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Metacognitive Skills
Metacognition refers to learners' automatic awareness of their own knowledge and their ability to
understand, control, and manipulate their own cognitive processes.2 Metacognitive skills are
important not only in school, but throughout life. For example, Mumford (1986) says that it is essential
that an effective manager be a person who has learned to learn. He describes this person as one who
knows the stages in the process of learning and understands his or her own preferred approaches to
it - a person who can identify and overcome blocks to learning and can bring learning from off-the-job
learning to on-the-job situations.
As you read this section, do not worry about distinguishing between metacognitive skills and some of
the other terms in this chapter. Metacognition overlaps heavily with some of these other terms. The
terminology simply supplies an additional useful way to look at thought processes.
Metacognition is a relatively new field, and theorists have not yet settled on conventional terminology.
However, most metacognitive research falls within the following categories:
Metamemory. This refers to the learners' awareness of and knowledge about their own memory
systems and strategies for using their memories effectively. Metamemory includes (a) awareness of
different memory strategies, (b) knowledge of which strategy to use for a particular memory task, and
(c) knowledge of how to use a given memory strategy most effectively.
Metacomprehension. This term refers to the learners' ability to monitor the degree to which they
understand information being communicated to them, to recognize failures to comprehend, and to
employ repair strategies when failures are identified.
Learners with poor metacomprehension skills often finish reading passages without even knowing that
they have not understood them. On the other hand, learners who are more adept at
metacomprehension will check for confusion or inconsistency, and undertake a corrective strategy,
such as rereading, relating different parts of the passage to one another, looking for topic sentences
or summary paragraphs, or relating the current information to prior knowledge. (See Harris et al.,
1988; - add more)
Self-Regulation. This term refers to the learners' ability to make adjustments in their own learning
processes in response to their perception of feedback regarding their current status of learning. The
concept of self-regulation overlaps heavily with the preceding two terms; its focus is on the ability of
the learners themselves to monitor their own learning (without external stimuli or persuasion) and to
maintain the attitudes necessary to invoke and employ these strategies on their own. To learn most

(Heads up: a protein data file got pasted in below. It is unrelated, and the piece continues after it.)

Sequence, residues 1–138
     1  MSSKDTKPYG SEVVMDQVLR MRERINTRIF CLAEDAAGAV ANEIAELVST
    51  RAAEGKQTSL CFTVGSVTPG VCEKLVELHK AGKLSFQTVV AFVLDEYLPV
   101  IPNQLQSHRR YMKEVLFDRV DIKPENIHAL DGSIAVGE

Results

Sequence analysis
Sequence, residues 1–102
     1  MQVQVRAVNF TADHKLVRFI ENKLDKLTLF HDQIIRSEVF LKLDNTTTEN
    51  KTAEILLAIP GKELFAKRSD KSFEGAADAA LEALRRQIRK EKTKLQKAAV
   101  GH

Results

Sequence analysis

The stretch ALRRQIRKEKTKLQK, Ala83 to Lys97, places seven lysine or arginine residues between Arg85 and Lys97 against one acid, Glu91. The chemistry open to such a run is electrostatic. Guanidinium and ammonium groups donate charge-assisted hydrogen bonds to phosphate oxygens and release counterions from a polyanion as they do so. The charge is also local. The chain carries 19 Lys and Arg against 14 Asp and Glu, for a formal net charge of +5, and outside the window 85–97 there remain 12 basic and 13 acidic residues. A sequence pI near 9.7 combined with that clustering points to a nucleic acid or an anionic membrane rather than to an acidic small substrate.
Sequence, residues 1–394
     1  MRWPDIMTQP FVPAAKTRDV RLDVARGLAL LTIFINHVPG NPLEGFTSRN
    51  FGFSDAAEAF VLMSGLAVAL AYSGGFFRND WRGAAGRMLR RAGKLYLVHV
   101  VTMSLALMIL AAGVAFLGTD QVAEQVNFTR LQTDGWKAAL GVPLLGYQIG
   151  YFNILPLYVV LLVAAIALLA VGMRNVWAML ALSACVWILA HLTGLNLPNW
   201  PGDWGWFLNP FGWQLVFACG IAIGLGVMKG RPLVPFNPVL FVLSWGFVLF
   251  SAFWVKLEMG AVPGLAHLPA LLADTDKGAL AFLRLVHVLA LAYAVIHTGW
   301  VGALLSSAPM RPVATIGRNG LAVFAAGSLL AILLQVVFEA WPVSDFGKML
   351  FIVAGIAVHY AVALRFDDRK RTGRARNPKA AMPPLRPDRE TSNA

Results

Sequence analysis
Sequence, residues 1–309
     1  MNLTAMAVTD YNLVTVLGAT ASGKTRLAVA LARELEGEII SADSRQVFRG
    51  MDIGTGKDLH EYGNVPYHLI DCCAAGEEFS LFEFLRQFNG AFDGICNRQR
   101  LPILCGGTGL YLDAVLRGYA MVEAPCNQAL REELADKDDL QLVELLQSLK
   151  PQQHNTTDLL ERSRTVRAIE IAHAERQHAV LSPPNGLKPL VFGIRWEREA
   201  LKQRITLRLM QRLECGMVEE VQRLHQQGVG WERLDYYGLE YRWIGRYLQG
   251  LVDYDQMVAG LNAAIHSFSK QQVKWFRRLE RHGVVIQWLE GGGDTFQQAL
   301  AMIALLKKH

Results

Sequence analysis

effectively, students should not only understand what strategies are available and the purposes these
strategies will serve, but also become capable of adequately selecting, employing, monitoring, and
evaluating their use of these strategies. (See Hallahan et al., 1979; Graham & Harris, 1992; Reid &
Harris, 1989, 1993.)



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In addition to its obvious cognitive components, metacognition often has important affective or
personality components. For example, an important part of comprehension is approaching a reading
task with the attitude that the topic is important and worth comprehending. Being aware of the
importance of a positive attitude and deliberately fostering such an attitude is an example of a
metacognitive skill.
In the preceding paragraph, metacognition has been described as a conscious awareness of one's own
knowledge and the conscious ability to understand, control, and manipulate one's own cognitive
processes. This is not quite accurate; but it's difficult to define metacognition more accurately. (It's
easier to point out examples of metacognitive activity than to define what it is.) It would be more
accurate to say that metacognitive strategies are almost always potentially conscious and potentially
controllable (Pressley, Borkowski, & Schneider, 1987). For example, good readers automatically
(unconsciously) employ metacognitive strategies to focus their attention, to derive meaning, and to
make adjustments when something goes wrong. They do not think about or label these skills while
performing them; but if we ask them what they were doing that was successful, they can usually
describe their metacognitive processes accurately. In addition, when serious problems arise - as when
there is a distraction, when they encounter extremely difficult or contradictory text, or when they have
to advise someone else regarding the same skill - they slow down and become consciously aware of
their metacognitive activity.
While it is occasionally useful to consciously reflect on one's metacognitive processes and while it
useful to make learners aware of these processes while they are trying to acquire them, these skills
become most effective when they become overlearned and automatic. If these skills were not
automatic and unconscious, they would occupy some of the effort of the working memory; and this
would have the result of making reading, listening, and other cognitive activities less efficient.
Therefore, like any other skill that becomes automatic and requires minimal activity in the working
memory, metacognitive skills work best when they are overlearned and can operate unconsciously.
Learners with good metacognitive skills are able to monitor and direct their own learning processes.